Date: March 16, 2016
Author: Bernie McGuire

A truly green and golden era

What a magical time to be an Australian golfer.

Aside from the United States with its powerhouse PGA and Web.Com Tours, no other country has enjoyed as much success in such a short timeframe on golf's global stage than Australian male professionals have achieved in the past 13 months — and maybe at any time in modern golfing history.

In this time – including Scott Hend's victory in the True Thailand Classic just hours after Matthew Griffin birdied the last to capture the prized ISPS Handa New Zealand Open title – Australian men have captured an extraordinary 31 victories.

Headed by World No. 3 Jason Day, our men have won tournaments in Australia, New Zealand, USA, Japan, Canada, France, New Caledonia, Argentina, Macau, South Africa, Malaysia and Thailand.

Remarkably, that's successes on six of the world's seven continents.

It also marks the second time that Australians have held five European Tour simultaneously after 1991 when Craig Parry w?on twice (Italian Open and Scottish Open) to join Ian Baker-Finch (Open Championship), Mike Harwood (European Open) and Rodger Davis (Volvo Masters).

Australia's remarkable run of victories began with Richard Green winning the Vic Open at 13th Beach near Barwon Heads.

But it was Day's Farmers Insurance Open success, the first of five wins in 2015 for the Ohio-based Aussie, also that week in February last year, that proved the catalyst for the phenomenal run.

Of course, two outstanding highlights were Day's four victories in five starts starting at the Canadian Open and including his emotional first major success in lifting the Wanamaker Trophy of the US PGA Championship.

Recently Australian golf has basked in the success of Adam Scott winning back-to-back titles – the Honda Classic and a week later, a second WGC title in Miami – on the US PGA Tour.

Hours afterwards, Scott’s fellow Queenslander Brad Kennedy was handed the New Zealand PGA Championship trophy.

In fact, there have been five weeks in the past 13 months in which two Australians have won on different major tours.

It speaks volumes for the unprecedented strength of Aussie golf – and we still have four majors, three WGC titles and the Australian summer of golf next summer to be contested in 2016.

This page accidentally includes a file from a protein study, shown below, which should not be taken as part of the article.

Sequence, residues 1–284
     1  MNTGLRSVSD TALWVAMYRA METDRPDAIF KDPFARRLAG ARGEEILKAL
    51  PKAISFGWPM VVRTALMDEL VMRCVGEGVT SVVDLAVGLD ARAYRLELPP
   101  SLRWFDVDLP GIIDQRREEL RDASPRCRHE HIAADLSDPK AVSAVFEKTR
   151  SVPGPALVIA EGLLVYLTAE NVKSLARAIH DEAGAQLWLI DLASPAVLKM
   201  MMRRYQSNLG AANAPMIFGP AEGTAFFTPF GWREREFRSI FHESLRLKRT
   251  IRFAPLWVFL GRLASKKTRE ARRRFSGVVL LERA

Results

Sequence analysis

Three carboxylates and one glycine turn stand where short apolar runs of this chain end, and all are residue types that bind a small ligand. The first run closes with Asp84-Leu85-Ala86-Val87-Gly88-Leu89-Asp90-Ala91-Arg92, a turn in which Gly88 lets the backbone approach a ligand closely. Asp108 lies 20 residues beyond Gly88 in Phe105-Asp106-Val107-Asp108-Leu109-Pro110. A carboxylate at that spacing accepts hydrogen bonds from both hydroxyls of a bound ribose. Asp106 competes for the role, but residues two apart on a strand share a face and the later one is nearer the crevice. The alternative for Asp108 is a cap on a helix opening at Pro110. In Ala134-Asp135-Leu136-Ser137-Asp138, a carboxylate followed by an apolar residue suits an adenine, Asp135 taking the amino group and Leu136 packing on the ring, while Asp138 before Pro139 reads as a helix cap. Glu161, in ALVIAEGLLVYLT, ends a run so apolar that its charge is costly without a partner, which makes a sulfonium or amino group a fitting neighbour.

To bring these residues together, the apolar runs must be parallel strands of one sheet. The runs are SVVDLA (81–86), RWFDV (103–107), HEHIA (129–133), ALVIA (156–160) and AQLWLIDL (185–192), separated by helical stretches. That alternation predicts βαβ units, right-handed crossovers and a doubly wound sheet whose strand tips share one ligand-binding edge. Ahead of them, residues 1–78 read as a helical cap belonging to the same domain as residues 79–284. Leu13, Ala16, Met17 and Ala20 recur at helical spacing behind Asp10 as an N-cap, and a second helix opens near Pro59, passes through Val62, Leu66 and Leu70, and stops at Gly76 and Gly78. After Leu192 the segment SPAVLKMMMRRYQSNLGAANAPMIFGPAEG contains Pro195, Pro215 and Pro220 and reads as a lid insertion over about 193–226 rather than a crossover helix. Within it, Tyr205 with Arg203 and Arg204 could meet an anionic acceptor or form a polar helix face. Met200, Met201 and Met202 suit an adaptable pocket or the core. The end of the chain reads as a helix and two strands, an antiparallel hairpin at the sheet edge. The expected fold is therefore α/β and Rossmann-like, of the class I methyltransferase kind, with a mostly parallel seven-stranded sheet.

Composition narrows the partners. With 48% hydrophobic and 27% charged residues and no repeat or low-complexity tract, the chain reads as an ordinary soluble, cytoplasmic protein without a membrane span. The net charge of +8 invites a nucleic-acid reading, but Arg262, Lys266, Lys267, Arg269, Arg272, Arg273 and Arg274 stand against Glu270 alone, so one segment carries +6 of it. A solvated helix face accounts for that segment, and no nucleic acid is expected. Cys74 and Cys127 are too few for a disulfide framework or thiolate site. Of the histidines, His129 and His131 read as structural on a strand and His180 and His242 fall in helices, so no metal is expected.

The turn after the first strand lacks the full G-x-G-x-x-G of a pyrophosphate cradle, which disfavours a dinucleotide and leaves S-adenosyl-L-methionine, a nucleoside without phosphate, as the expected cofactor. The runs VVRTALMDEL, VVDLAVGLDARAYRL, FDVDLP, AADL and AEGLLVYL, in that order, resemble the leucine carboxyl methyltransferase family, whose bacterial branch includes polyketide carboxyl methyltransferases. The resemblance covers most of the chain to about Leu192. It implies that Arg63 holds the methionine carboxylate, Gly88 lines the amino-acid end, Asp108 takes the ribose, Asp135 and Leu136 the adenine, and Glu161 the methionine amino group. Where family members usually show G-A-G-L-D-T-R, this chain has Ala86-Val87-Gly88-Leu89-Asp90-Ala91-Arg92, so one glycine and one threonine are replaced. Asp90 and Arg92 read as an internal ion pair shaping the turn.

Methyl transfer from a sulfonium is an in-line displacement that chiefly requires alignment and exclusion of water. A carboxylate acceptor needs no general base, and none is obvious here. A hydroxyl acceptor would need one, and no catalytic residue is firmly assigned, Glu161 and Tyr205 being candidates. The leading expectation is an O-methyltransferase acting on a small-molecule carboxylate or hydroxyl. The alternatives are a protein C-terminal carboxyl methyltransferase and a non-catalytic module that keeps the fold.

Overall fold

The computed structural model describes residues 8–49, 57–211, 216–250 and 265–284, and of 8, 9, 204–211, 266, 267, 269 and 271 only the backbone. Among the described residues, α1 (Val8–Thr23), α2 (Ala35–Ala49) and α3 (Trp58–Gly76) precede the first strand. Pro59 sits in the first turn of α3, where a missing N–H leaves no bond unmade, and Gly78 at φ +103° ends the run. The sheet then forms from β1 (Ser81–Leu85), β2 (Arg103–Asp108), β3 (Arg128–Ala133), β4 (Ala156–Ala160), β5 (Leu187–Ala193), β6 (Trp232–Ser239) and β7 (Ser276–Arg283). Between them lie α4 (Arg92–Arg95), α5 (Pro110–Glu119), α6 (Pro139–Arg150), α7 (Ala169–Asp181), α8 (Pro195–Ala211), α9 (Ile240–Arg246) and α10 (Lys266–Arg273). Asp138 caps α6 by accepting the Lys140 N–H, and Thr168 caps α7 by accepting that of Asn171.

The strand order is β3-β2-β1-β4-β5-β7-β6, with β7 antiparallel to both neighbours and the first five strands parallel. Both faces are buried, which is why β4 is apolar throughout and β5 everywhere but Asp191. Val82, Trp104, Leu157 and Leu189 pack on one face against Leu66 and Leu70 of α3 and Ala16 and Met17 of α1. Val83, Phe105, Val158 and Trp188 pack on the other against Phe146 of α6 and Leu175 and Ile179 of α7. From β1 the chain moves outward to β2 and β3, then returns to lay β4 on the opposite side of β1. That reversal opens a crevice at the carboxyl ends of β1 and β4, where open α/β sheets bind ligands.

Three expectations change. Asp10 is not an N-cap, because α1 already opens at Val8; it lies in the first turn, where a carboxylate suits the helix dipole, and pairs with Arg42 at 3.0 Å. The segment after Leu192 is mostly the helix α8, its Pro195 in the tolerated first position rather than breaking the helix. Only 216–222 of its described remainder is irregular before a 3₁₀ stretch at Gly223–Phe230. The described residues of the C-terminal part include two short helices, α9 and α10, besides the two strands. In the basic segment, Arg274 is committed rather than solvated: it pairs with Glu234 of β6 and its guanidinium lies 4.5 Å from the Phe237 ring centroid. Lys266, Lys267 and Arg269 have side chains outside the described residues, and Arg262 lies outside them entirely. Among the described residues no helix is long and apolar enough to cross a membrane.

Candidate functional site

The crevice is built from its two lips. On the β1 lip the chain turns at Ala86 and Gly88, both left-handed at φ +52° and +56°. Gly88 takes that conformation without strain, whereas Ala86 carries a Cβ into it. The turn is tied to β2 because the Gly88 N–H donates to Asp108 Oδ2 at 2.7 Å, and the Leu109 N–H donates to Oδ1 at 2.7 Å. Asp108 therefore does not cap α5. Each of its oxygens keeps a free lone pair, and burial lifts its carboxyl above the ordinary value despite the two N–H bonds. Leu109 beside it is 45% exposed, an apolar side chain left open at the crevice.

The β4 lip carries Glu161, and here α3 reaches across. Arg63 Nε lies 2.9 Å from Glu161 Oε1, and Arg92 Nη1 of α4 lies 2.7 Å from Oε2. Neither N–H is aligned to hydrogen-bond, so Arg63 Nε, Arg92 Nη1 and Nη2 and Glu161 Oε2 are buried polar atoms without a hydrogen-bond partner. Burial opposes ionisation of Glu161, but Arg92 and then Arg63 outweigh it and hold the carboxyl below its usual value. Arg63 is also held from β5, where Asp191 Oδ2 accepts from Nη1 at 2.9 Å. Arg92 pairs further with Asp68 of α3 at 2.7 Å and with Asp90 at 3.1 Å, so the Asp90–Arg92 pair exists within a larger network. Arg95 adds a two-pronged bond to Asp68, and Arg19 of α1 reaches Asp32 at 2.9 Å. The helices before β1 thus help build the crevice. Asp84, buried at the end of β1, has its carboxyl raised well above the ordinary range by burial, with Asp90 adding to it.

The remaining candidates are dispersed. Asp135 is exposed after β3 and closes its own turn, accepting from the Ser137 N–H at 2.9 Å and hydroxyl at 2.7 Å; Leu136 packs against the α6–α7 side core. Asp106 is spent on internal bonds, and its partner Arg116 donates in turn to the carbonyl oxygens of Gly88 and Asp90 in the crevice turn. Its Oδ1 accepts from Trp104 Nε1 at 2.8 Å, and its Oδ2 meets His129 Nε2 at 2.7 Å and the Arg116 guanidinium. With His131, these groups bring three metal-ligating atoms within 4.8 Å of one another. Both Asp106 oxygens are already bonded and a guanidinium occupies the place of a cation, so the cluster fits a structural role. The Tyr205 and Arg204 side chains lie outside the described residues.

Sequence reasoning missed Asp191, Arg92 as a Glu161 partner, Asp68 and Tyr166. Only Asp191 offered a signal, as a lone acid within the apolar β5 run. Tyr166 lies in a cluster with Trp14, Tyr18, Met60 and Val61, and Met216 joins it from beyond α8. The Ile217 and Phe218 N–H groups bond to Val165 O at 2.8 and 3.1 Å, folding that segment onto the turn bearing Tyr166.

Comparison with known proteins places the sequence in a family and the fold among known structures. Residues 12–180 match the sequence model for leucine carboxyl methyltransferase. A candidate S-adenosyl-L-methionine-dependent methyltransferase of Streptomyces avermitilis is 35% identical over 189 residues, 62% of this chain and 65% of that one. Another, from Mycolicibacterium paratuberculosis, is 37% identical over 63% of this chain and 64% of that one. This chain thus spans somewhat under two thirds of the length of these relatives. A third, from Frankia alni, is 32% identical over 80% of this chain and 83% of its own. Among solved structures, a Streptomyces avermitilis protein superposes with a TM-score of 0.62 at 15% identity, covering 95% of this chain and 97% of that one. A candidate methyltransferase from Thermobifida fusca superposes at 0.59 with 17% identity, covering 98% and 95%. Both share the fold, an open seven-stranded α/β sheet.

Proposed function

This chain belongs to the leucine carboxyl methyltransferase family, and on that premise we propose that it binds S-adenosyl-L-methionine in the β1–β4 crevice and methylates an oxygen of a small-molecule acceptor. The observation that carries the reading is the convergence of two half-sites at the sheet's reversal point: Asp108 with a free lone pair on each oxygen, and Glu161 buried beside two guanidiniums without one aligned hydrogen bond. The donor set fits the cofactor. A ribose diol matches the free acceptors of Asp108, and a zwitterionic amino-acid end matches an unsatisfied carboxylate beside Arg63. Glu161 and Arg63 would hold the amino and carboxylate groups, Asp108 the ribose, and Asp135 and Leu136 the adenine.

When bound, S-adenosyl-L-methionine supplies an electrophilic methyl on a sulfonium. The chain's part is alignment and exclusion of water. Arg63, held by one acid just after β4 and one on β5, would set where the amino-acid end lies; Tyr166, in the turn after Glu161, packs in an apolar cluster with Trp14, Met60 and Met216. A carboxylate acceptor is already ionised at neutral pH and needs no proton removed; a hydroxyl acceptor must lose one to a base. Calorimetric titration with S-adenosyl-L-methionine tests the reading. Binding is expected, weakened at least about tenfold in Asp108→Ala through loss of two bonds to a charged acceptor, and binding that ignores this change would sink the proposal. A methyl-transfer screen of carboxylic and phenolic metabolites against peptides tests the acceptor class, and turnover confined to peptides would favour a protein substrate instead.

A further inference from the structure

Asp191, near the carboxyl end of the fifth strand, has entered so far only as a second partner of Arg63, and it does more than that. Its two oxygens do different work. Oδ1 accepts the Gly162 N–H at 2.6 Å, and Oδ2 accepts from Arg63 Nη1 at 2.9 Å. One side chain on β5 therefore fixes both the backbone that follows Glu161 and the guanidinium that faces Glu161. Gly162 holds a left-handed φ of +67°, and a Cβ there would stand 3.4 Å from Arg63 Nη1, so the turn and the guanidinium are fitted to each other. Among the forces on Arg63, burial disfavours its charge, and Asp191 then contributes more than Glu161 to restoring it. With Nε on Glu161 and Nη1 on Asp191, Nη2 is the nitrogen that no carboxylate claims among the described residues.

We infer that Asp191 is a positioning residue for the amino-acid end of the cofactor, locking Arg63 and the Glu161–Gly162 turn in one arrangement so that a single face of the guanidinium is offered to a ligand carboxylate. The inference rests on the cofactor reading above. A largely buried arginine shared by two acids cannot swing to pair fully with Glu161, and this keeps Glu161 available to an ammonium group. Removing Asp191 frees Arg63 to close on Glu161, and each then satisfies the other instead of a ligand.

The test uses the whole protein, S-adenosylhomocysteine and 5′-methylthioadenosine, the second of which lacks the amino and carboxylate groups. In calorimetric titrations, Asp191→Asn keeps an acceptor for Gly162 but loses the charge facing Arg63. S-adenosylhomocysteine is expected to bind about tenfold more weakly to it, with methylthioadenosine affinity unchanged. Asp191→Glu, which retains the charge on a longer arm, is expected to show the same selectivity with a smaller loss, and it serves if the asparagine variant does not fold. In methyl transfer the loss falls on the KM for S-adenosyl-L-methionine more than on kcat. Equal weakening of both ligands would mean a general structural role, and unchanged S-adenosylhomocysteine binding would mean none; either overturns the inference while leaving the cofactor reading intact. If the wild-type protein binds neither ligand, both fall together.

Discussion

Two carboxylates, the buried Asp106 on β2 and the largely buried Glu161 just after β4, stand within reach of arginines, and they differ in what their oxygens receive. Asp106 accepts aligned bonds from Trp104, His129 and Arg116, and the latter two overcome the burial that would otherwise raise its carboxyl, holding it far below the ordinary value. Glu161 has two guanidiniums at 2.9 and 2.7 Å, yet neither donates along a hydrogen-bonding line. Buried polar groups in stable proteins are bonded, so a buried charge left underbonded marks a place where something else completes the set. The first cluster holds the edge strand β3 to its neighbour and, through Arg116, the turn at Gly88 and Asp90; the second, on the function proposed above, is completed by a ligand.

(PGA Tour of Australasia unless noted; last day of tournament in brackets)

Richard Green – Vic Open (Feb 8)

Jason Day – Farmers Insurance Open – US PGA Tour (Feb 8)

Aaron Townsend – Victorian PGA (Feb 13)

Matthew Millar – New Zealand PGA (Mar 8)

Jordan Zunic – New Zealand Open (Mar 15)

Adam Bland – Japan PGA Championship – Japan Tour (May 17)

Rod Pampling – BMW Charity Pro Am – US Web.Com Tour (May 17)

Steven Bowditch – AT&T Bryon Nelson – US PGA Tour (May 31)

Jason Day – Canadian Open – US PGA Tour (July 24)

Jason Day – US PGA Championship, — US PGA Tour (Aug 16)

David Bransdon – Queensland Open (Aug 23)

Ryan McCarthy – Angel Cabrera No.5 — Argentina Pro Tour (Aug 24)

Jason Day – Barclays Championship – US PGA Tour (Aug 30)

Scott Arnold – Cordon Golf Open, France – European Challenge Tour (Sept 6)

Jason Day – BMW Championship – US PGA Tour (Sept 30)

James Nittes – South Pacific Open, New Caledonia (Oct 3)

Scott Hend – Macau Open, Macau – Asian Tour (Oct 18)

Brett Rumford – West Australian PGA (Nov 1)

Daniel Fox – West Australian Open (Nov 8)

Ben Eccles – NSW Open (Nov 15)

Peter Senior – Australian Masters (Nov 22)

Matt Jones – Australian Open (Nov 29)

Nathan Holman – Australian PGA — Australasian/European Tour (Dec 6)

Marc Leishman – Nedbank Golf Challenge, South Africa — Sunshine/European Tour (Dec 6)


Ashley Hall – Victorian PGA – (Feb 12)

Marcus Fraser – Maybank Championship, Malaysia – European/Asian Tour (Feb 21)

Adam Scott – The Honda Classic, Florida – US PGA Tour (Feb 28)

Adam Scott – WGC Cadillac Championship — US PGA Tour (Mar 6)

Brad Kennedy – New Zealand PGA (Mar 6)

Matthew Griffin – New Zealand Open (Mar 13)

Scott Hend – True Thailand Classic – European/Asian Tour (Mar 13)